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Thursday December 18 2014


2005 Town Square Chautauqua Performers

Mary McCorvie holds a degree in anthropology. She has been employed by the Shawnee Forest Service for the past 14 years as their Forest Archeologist and serves often as an interpreter/ educator. She will explore the development and many uses of the Shawnee National Forest. She will present information about many little-known sites in the forest and the many programs that the Forest Service offers to local residents.
Dianne Moran Dianne Moran is a folklorist, naturalist, storyteller who has worked in education for 35 years. She will interpret the perspective of Native Americans of the late 1800s, through her characterization of Buffalo Bird Woman, an Hidatsa woman whose life reflected the many changes forced on Native Americans in the 1800s. In her daytime program, Moran will narrate Native American folklore and legends that speak to the spiritual and symbiotic relationship Native Americans have with the land.
Kevin Radaker Kevin Radaker holds a PhD in English, and is a professor of English and Chair of the English Department at Anderson, Indiana. As a leading scholar on Henry David Thoreau, he has presented numerous academic papers in addition to many living history performances. Dr. Radaker will present the provocative spirit and words of Henry David Thoreau, America's mid-nineteenth century apostle of the wilderness, social critic and political thinker. The great New England writer, through his words and drive, helped spark the advancement of the conservation ethic. Dr. Radaker's presentation focuses on the mid-1800s when America, poised on the brink of the Civil War, saw railroads and industry begin to change the character and pace of life, and when few Americans had yet begun to consider the value of our wild lands. During his daytime lecture, he will share Thoreau's opinions on the preservation of the wilderness and its importance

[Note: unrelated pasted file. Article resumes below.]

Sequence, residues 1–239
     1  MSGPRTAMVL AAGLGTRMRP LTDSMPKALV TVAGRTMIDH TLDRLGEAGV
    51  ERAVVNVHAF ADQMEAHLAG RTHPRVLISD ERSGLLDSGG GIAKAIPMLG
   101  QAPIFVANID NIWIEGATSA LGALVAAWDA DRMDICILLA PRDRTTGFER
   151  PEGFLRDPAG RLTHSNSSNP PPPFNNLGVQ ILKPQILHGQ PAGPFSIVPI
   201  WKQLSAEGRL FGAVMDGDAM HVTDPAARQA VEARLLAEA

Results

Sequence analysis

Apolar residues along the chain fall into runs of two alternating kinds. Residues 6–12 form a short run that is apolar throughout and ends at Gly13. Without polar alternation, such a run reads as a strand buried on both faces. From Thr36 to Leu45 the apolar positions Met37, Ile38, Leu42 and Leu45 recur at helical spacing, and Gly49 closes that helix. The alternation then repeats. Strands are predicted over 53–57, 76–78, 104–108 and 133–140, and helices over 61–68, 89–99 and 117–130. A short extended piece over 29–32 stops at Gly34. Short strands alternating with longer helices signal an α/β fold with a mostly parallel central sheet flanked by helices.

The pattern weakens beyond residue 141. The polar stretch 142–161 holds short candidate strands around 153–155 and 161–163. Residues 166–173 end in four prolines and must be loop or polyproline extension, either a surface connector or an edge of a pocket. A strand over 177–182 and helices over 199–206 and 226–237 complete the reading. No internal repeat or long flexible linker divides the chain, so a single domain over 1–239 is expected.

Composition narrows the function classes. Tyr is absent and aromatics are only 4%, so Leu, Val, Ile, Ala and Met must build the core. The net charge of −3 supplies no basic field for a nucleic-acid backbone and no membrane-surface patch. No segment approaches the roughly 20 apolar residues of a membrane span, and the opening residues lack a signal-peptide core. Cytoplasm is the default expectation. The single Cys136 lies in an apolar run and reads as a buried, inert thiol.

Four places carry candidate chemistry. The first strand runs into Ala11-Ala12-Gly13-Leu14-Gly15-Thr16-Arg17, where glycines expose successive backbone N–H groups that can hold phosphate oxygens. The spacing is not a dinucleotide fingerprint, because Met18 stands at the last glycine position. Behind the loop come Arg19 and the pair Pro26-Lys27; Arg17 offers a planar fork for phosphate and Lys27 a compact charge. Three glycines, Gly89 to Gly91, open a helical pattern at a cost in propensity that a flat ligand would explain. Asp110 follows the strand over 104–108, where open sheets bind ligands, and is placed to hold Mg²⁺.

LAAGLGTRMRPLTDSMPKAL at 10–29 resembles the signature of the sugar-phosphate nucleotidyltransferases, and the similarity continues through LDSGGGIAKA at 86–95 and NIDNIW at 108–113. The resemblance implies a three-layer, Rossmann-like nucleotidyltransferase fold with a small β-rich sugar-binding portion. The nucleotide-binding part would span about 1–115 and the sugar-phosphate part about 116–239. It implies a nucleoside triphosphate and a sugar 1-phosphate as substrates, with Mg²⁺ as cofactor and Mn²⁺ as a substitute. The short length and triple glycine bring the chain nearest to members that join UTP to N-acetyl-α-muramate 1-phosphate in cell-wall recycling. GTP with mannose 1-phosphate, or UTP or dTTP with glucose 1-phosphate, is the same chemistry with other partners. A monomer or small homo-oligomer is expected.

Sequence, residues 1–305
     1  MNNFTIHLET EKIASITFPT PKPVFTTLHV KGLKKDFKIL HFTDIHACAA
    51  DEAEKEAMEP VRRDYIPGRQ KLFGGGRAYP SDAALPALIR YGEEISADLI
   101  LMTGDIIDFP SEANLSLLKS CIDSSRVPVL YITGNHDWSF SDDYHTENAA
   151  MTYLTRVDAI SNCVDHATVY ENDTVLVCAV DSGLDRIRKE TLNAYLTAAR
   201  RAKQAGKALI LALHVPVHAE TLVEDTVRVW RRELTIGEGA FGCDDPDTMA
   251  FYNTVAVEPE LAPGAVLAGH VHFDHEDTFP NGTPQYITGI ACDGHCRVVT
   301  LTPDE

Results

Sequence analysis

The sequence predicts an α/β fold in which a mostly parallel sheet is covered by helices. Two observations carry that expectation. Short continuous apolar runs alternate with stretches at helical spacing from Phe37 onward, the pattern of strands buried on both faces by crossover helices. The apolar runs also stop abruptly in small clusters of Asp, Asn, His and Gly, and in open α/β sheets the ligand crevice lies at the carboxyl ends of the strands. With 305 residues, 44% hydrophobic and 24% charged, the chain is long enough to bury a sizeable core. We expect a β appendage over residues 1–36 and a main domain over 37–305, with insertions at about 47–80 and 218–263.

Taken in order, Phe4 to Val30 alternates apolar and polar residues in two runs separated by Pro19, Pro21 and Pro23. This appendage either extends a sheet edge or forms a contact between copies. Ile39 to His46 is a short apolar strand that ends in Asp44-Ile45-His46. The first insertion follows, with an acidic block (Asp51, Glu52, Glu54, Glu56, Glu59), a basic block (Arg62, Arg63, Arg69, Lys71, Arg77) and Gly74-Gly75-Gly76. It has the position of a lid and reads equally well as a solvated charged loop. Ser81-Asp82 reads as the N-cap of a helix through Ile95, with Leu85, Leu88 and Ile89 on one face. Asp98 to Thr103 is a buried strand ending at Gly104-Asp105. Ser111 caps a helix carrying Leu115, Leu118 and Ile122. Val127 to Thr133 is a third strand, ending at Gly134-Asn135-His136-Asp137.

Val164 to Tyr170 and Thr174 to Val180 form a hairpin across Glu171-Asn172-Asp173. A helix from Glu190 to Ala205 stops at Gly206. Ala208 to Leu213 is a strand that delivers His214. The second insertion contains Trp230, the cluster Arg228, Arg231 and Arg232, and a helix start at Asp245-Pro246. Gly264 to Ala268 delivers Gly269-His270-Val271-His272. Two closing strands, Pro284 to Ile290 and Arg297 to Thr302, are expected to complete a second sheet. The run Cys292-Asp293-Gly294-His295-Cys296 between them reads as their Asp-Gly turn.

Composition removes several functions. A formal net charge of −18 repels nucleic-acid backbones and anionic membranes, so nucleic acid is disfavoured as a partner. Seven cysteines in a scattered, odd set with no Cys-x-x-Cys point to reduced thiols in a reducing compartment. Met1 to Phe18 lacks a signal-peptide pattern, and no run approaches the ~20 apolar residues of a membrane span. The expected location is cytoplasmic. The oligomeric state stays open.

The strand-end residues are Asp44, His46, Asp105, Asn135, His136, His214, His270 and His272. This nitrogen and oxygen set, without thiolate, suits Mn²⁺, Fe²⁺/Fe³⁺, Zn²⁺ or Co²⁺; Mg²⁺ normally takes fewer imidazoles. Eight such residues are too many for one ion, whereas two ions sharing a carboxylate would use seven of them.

Tony Farque Tony Farque holds a degree in Anthropology and Archaeology and has been employed for 24 years by the US Forest Service in the Wilamette National Forest as an interpreter/educator, winning an award as the 2004 Regional Interpreter/Educator of the year. He will portray Gifford Pinchot, an early conservationist who pushed for public and forest industry support of scientific forest management principals. Pinchot was instrumental in persuading Theodore Roosevelt to establish the U.S. Forest Service. Farque's portrayal of Gifford Pinchot will speak to the U.S. Forest Service's early history and to influences that remain today. In his daytime program, Farque will explore opposing approaches to conservation and land management held by early conservation leaders Gifford Pinchot and John Muir. Those divergent viewpoints underpin the national debate that remains into the 21st century.
Derek Evans Derek Evans studied theater at Northwestern University as well as the American Conservatory Theater in San Francisco. A professional actor with over 20 years of experience in educational programs, Evans began studying Theodore Roosevelt six years ago and has given his interpretive presentation numerous times, including a White House presentation. An outdoorsman, a lover of nature, a big game hunter and expert on songbirds, the 26th President of the United States pushed through Congress huge advances in the protection of the environment and was the first president to make conservation the cornerstone of his domestic policy. It was during Roosevelt's term in office that the independent U.S. Forest Service was established, intended toward the rationally-managed public control of natural resources.
Dan Jones will serve as 2005 Town Square Chautauqua Master of Ceremonies. He holds a Master's degree in American History and is a collector of historical artifacts and books. He has served as assistant curator at the Chicago Historical Museum and the Will County Museum.
Pat Frank Pat Frank is from Augusta, Missouri. Over the last five years she has frequently performed with Dianne Moran in western and Native American themed presentations. She will perform instrumental music as well as original songs using the guitar, recorder, flute, rainstick, bells and drum.
Kallima Kallima is a woodwind ensemble of the Chicago Chamber Orchestra Association. They will perform Irving Fine: Partita; Samuel Barber: Summer Music; and Aaron Copland: Appalachian Spring.
Independent Silver Band is a 14-piece brass band under the direction of Bill Reynolds of Mount Vernon, Illinois. The band, dressed in period clothing and performing with instruments of the era, is a recreation of an actual band of the same name that existed in Mount Vernon in the late 1800s.
Pitch-Catcher Barbershop Quartet is a barbershop group based in Herrin, Illinois and is part of the Southern Illinois Barbershop Society. They will entertain the Chautauqua audience with songs from the turn of the century.

WSIU Public Broadcasting, Carbondale, Illinois 62901-4306, 618-453-4343
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Chautauqua '04